Your existing ADSL modem is still going to work. [However, to get higher speeds, you'll need to buy a VDSL2 modem.]This tells us a whole lot about what the Turnbull-FTTN can and cannot do:
- The Coalition NBN policy claims "no disruption" in cut-over. This is how it's to be done.
- "Nothing done in the house" is also a listed advantage of the Turnbull FTTN, confirming phone services remain over "baseband" copper shared with DSL.
- Your NBN connection won't directly use the "Layer 2 bitstream", but the older, more limited & costly and slower current technology, PPPoE.
- The speed of PPPoE is limited by the CPU speed of the DSL access device you use.
- Multicast from the FSAM/PoI isn't possible are each client individually tunnels back to the ISP and their PPPoE server. [That's big and chews power, for no good reason.]
- Services will be limited to one RSP, not the four initially available on FTTP Network Termination Devices.
- It implies that your fixed phone will still share the same phone line.
- Which means the line will still have to be balanced & loaded for voice, not DSL.
- Plus you'll still need performance affecting line-filters. [Now is a really good time to get yourself a high-quality central-splitter.]
- If the line back to the exchange is cut as is required for vectoring, you'll need an "ATA" (Analogue Telephone Adaptor) either in your home or in the node. This is part of what an NTD does.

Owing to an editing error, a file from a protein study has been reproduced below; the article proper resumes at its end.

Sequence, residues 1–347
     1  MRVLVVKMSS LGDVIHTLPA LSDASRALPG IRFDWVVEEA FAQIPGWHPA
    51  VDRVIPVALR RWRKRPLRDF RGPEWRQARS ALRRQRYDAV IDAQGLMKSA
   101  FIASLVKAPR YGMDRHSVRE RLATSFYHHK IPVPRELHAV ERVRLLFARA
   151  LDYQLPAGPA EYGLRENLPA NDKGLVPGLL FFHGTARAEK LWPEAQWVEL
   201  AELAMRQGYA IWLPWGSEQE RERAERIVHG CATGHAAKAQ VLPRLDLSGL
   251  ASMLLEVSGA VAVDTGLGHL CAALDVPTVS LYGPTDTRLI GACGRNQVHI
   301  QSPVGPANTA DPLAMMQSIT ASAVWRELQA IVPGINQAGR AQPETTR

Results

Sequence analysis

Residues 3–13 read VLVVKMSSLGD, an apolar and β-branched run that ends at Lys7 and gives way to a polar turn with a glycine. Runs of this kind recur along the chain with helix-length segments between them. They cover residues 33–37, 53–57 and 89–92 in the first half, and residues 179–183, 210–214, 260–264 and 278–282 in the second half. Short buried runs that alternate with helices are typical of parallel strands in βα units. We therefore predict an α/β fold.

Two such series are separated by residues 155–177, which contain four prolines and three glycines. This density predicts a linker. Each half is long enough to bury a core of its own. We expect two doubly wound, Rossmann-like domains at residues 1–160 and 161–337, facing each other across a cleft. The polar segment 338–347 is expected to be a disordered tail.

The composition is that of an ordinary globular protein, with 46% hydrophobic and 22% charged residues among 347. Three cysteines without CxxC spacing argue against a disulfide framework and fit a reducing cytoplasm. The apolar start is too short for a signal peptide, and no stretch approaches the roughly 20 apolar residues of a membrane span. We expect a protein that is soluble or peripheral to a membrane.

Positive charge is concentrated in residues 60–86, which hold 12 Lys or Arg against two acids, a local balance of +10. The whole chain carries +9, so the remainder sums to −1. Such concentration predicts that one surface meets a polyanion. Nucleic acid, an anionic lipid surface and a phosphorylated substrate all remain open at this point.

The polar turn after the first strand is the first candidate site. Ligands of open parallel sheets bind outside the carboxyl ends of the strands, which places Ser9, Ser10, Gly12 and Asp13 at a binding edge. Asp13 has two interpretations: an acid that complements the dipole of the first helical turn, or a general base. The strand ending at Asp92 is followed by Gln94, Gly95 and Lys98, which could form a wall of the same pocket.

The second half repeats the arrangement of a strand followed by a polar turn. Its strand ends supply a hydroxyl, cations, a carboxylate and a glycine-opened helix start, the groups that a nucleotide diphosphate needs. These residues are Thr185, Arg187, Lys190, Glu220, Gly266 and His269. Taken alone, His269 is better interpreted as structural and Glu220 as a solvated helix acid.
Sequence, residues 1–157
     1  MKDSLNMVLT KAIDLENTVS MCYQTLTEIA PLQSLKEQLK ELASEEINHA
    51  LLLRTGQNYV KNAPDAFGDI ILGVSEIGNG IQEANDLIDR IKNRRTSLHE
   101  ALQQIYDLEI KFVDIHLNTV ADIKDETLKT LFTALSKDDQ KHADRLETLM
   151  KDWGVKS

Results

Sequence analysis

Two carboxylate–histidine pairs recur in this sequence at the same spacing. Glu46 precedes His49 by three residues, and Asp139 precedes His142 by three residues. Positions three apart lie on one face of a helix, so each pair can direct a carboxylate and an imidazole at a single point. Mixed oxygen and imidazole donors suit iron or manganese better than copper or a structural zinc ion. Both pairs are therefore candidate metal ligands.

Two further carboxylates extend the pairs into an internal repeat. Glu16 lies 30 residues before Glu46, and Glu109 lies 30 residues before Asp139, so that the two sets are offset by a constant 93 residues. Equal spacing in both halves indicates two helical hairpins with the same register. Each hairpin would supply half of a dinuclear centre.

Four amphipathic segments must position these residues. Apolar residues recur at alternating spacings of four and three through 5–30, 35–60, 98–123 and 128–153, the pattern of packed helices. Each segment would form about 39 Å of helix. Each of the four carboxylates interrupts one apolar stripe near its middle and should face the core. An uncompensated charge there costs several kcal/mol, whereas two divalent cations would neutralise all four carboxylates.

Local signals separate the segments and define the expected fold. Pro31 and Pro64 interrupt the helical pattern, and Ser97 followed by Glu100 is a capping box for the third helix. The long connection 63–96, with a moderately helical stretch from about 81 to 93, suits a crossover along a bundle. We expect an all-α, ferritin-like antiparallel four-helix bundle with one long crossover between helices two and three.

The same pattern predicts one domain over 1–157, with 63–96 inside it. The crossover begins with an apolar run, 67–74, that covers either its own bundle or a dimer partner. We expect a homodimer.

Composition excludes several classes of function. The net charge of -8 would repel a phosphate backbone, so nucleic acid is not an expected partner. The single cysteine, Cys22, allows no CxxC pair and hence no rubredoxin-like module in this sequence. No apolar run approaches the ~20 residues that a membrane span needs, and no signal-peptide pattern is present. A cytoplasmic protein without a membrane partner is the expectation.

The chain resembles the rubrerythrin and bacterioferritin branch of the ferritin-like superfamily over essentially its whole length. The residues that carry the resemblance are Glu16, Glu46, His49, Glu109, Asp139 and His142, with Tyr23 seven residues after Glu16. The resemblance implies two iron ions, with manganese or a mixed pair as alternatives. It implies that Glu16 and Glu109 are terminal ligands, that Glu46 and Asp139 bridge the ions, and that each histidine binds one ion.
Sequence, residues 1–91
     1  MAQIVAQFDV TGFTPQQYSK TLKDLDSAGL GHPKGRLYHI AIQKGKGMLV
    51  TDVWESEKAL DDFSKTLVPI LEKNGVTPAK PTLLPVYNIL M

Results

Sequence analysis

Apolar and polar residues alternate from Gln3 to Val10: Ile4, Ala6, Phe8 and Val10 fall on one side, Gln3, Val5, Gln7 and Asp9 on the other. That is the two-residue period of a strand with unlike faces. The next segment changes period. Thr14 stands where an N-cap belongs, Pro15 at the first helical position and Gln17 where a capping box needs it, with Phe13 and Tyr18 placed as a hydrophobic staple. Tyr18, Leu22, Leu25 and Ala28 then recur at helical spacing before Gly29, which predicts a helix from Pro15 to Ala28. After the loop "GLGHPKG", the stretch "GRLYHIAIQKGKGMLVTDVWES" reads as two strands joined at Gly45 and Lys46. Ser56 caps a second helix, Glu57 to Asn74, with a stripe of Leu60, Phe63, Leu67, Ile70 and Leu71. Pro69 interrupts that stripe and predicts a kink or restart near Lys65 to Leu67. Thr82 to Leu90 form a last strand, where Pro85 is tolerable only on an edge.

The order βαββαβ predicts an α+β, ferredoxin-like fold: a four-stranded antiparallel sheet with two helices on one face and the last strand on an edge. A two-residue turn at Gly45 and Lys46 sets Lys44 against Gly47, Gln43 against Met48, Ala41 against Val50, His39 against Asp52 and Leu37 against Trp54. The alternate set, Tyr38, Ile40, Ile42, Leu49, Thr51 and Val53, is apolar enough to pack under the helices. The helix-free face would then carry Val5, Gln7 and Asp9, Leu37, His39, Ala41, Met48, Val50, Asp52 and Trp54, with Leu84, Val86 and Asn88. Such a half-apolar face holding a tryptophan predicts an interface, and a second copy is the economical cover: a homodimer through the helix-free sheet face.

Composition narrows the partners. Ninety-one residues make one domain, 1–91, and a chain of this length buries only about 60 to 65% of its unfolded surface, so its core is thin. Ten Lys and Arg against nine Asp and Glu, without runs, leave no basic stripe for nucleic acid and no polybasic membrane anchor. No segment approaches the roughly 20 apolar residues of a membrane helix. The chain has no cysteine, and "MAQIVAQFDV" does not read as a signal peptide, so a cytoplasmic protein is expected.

- If you're one of the ~1M lines connected via the 8750 Telstra RIM's (aka mini-muxes), then there's a problem. They are nodes and have to be disconnected and removed.
- That conversion won't be simple or transparent.
- Or free, going on Telstra's track record.
Copper lines can be optimised for either voice or data (DSL), not both.
For DSL to work at all, a high-pass/low-pass filter is needed at the customer premises to separate the high-frequency DSL signal from the voice. You get the choice of a central-splitter, that pulls the DSL signal off when it enters the house onto a separate cable and leaves the house cabling only with voice signals, or a line-filter on every device.
Why you need to do this is simple & unavoidable physics: to DSL, a normal phone looks like a short-circuit and kills the signal. If a filter is not connected or fails, then your DSL service stops, or is severely compromised.
Vectoring relies on treating a whole group as an entity and dealing with near-end/far-end interference & cross-talk, group delay and echos all together.
A major part of the Telstra FTTN plans in 2005 was removing all the special conditioning of copper lines for voice. DSL services work much better, wasting less power and with less line noise, over 'bare' lines. It's a trade off: have your phone work or have DSL work well.
Vectoring will work much better over 'bare' lines as well. You can't have someone with a faulty line-filter or plug-in a new device without a filter.
But as of yesterday, we know that the Turnbull FTTN won't be 'bare' lines with an in-house NTD. It will be a much poorer version of that, with much reduced speeds and missing the essential technical underpinning of the NBN: end-to-end "layer 2 bitstream service" allowing multiple RSP's per premise.